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Growing in containers

This lesson covers skills for growing food in containers of variable size.

Some key points:

  • A pot or container is anything holding compost – it could even be an old bath; the important thing is good drainage.
  • Drainage is to enable water to run away from the bottom, and is not improved by crocks in pots.
  • A pot’s measurement, as given in this chapter, is the diameter across its top.
  • Beds of compost spread on soil are not ‘containers’ because plant roots go down and soil life moves up, so a bed becomes part of the garden soil, even though it looks like it is sitting op top.
  • However beds can be placed and filled on concrete, as long as they are on a sufficient slope that water can drain away from the bottom.

Growing in containers requires more time compared to growing in soil, especially the time taken for regular watering. An informed choice of which vegetables and varieties to grow can give a fair return on this investment of time, and pleasure in the growing.

If you have space for even a small bed, preferably filled with compost rather than soil, you can grow a lot of harvests through one season and more easily than in pots.

September – Garden Pearl tomato plants in 25 cm / 10 in pots, transplanted in May; they are growing in multipurpose compost and I have fed them three times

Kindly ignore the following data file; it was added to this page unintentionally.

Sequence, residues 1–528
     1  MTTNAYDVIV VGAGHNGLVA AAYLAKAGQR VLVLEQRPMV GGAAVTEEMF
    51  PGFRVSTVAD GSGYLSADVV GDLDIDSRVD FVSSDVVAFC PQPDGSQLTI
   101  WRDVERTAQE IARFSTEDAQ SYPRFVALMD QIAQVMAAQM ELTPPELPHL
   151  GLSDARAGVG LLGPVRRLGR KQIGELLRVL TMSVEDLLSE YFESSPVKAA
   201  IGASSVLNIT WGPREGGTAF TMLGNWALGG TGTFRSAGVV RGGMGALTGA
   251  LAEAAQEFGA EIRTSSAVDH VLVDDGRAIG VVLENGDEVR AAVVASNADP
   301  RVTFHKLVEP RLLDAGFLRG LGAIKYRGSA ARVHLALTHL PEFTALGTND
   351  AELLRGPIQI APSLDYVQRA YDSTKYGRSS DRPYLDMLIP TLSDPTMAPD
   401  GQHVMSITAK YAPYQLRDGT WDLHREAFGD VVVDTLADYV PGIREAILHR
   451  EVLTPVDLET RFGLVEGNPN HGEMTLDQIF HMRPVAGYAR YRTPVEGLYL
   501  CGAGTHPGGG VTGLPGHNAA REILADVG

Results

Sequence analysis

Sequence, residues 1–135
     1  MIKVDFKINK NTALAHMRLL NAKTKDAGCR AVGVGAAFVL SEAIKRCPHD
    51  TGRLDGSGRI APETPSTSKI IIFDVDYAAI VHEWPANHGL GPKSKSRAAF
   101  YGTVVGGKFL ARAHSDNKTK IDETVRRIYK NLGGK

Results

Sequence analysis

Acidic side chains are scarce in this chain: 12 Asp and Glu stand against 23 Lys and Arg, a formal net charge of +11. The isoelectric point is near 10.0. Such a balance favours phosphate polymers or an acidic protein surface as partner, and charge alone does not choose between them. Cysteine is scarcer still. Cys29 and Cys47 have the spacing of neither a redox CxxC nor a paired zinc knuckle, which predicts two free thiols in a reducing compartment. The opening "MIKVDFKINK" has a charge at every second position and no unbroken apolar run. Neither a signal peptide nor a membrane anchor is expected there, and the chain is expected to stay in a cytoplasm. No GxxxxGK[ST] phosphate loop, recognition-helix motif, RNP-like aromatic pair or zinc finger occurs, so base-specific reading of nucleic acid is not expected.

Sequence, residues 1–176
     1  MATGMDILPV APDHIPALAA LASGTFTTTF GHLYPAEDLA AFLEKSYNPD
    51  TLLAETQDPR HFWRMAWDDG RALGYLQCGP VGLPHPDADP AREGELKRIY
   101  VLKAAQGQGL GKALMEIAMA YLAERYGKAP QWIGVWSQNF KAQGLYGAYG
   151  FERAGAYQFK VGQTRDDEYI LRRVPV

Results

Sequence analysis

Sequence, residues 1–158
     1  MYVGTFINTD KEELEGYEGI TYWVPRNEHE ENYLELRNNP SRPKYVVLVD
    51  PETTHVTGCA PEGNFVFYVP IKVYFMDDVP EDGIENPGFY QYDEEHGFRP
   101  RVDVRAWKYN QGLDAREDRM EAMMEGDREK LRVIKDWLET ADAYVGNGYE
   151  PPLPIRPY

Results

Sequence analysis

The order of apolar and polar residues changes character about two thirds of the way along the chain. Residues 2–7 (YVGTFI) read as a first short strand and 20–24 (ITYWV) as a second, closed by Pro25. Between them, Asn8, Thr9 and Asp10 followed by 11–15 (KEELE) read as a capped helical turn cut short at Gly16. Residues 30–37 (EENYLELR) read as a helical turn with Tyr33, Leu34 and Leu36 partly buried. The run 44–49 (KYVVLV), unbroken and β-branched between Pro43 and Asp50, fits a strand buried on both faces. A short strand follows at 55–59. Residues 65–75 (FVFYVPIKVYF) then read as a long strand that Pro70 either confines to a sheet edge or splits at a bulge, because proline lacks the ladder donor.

February – winter salads, planted in September in boxes and pots of half compost / half manure; no feeds given and greenhouse grown


A key requirement for successful growing in pots and containers, even more than in beds, is to use a well-structured compost with a long-term supply of nutrients. I have trialled many composts and find best long-term growth from organic-approved ones.

In genuinely organic composts, the nutrients come from decomposed plant matter and not from added chemical feeds. However, unlike for food and beverage products, the label ‘organic’ on sacks of compost and manure means nothing, unless verified by a certifying symbol from a national body, such as The Soil Association (UK).

  • Nutrients from chemical feeds (‘synthetic’, ’nonorganic’) are mostly soluble in water and need careful management.
  • Nutrients in organic and homemade composts do not wash out, and release slowly over a long period. In the photos below, see how the lettuce in my homemade compost starts more slowly but then finishes the most strongly.

Lettuce trial

Mottisone lettuce plants were sown in early June and raised in modules. I transplanted them into four pots of different composts in early July and harvested the outer leaves three times altogether.